We caught up with writer Ralf Little to find out the inspiration for the show and what he thinks about the legacy of The Royle Family.
"Hello, mate. How are you doing? Sorry for the delay. I got chatting to The Guardian. I don't think I came across too well because it was too highbrow and intellectual for me."
Don't worry, they're too intellectual for everyone...
"That is true."
How did you come up with the idea for The Cafe?
"Michelle and I, to be honest, we just wanted to write a six-part comedy. The next question was did we want it be studio-based or surreal like The Mighty Boosh. I soon realised that I didn't have the imagination for that kind of thing. Eventually we settled on something gentle, dialogue-based and we thought, 'It's been done in a pub, it's been done in a house, I suppose a cafe might work'.
"I think when we had the conversation, we probably were in a cafe. It was just a place for us to hang authentic dialogue and authentic characters. When you are in a cafe there'll often be someone writing something in a corner, everyone has their own lives and everyone's lives are as important to them as yours is to you. All these different lives interlock in this one place and it just seemed the right place to put our people."
The humour is based around the authentic nature of conversations and dialogue of the characters. Was it tricky pitching that right?
"Absolutely. It's tricky when you first start. More often than not, the stuff we put in the show was things we heard verbatim on the bus, or our grandparents or restaurants that we were in. You think, 'This is funny', but the tricky bit is crowbarring it in. In fact, you can't crowbar it in or else it won't bear the hallmarks of authenticity and it just won't work and will probably irritate viewers.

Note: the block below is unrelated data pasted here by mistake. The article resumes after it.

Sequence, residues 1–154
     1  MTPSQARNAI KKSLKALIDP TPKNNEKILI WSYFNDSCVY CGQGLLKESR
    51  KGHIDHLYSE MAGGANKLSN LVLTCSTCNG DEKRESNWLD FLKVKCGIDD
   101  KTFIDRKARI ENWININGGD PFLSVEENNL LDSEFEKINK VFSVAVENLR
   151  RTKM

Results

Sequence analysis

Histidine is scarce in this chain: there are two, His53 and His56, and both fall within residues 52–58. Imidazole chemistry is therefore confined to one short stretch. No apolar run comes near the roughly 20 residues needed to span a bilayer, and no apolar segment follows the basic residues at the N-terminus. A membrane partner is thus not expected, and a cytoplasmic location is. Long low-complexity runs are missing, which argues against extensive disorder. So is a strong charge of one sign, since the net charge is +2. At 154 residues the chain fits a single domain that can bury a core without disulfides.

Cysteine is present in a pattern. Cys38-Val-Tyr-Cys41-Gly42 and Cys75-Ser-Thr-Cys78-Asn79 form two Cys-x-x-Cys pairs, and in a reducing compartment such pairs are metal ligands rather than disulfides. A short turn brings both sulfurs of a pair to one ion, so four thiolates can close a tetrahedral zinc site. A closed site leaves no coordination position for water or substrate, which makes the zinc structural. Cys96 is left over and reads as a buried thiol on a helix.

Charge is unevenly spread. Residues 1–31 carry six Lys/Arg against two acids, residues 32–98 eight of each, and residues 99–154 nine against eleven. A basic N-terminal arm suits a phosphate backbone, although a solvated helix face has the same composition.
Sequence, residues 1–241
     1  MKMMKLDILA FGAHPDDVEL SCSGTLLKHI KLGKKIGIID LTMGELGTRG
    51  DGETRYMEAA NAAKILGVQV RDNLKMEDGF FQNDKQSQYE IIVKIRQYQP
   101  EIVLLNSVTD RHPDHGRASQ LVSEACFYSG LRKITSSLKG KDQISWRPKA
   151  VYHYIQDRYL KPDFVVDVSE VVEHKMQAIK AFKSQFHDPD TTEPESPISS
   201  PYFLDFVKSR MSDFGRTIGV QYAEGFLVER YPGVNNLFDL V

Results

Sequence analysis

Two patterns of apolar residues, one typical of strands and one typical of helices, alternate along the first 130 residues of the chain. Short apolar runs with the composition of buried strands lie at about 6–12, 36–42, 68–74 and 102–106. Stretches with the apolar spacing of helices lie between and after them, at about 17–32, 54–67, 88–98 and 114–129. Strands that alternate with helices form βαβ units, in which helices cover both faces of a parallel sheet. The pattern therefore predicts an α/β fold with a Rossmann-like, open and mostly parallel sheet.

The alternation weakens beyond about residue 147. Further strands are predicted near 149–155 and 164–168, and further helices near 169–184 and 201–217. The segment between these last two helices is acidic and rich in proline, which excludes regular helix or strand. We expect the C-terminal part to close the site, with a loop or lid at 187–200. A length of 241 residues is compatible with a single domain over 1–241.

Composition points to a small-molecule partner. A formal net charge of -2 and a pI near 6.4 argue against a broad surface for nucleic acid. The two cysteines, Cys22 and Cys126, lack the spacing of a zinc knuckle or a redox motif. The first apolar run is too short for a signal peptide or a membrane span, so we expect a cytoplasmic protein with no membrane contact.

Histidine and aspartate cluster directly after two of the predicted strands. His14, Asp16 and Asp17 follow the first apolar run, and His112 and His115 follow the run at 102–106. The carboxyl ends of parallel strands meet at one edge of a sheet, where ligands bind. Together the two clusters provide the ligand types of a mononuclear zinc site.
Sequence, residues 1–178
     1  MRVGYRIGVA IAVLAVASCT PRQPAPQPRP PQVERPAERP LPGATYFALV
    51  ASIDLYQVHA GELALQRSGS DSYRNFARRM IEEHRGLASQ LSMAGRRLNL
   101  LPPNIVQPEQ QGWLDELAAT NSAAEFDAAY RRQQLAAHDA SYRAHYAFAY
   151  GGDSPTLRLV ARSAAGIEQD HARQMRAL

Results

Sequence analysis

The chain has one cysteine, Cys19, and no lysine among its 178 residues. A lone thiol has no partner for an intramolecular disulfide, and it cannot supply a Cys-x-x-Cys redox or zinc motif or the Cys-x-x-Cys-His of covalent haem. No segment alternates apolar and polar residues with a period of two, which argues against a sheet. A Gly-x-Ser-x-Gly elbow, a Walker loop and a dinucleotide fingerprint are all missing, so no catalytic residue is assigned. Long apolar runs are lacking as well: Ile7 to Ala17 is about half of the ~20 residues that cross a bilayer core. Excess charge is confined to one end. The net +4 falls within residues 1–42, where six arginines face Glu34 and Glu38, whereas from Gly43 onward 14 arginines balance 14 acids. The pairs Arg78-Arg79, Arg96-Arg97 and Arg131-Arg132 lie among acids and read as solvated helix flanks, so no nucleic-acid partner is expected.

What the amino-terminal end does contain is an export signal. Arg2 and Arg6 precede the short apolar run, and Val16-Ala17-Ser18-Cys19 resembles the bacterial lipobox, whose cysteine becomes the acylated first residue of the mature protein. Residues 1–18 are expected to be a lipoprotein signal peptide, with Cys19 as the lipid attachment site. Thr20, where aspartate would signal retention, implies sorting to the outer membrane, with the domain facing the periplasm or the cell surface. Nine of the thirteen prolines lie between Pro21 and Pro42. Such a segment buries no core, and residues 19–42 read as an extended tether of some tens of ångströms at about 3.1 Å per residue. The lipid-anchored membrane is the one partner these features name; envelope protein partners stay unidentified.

"So it was daunting to try to achieve that. We've still got authentic dialogue to write and jokes to make, and all of this has to be done in 22 minutes without ever breaking the gentle pacing. We basically hit upon a style that was at cross purposes to the format. But we did our best."
The show feels like a cousin of The Royle Family - was it a strong influence?
"It's a tricky one, that. I keep getting asked what our influences are and we did have long discussions about what our influences were and who we admired. We had equally long discussions about what it was about them that we admired. So there was things like The Office, The Royle Family, Gavin & Stacey and Human Remains, but the thing we really liked about all of them was the writing and their ability to make the characters work.
"I'm wary about making any sort of comparisons for obvious reasons, but also because it wasn't really a case of us being influenced by any particular show. We just looked at writing we admired and thought, 'That is how we want to construct a character', and, 'That is how we want to tell our joke'."
You've managed to make Weston-super-Mare look lovely. Were you surprised at how it's come out?
"I was definitely. It's Michelle's hometown and she's absolutely thrilled with it. I kept winding her up. When we looked back at the shots, you see these beautifully lit and beautifully shot picturesque places - all on film, which is rare these days - and I'd have a joke with her. I'd be like, 'Michelle, I am beginning to suspect that this is all a ruse for you to single-handedly boost the tourism industry in your hometown'."
Craig Cash is at the helm shooting the show and he's got a bit of a midas touch. What's he like to work alongside?
"Craig was wonderful as well at making it look sumptuous and gorgeous. It would have been easier to shoot it in a studio, but Craig rightly pointed out that if we could get the seafront spot we wanted, it looks so much more authentic. And I think it does look wonderful. We've just filmed scenes and there are passers-by, they're not all extras. Occasionally, we even had people wander into shot or even into the cafe asking for a cup of tea. We'd all feel so bad as one of the runners would go make them a brew.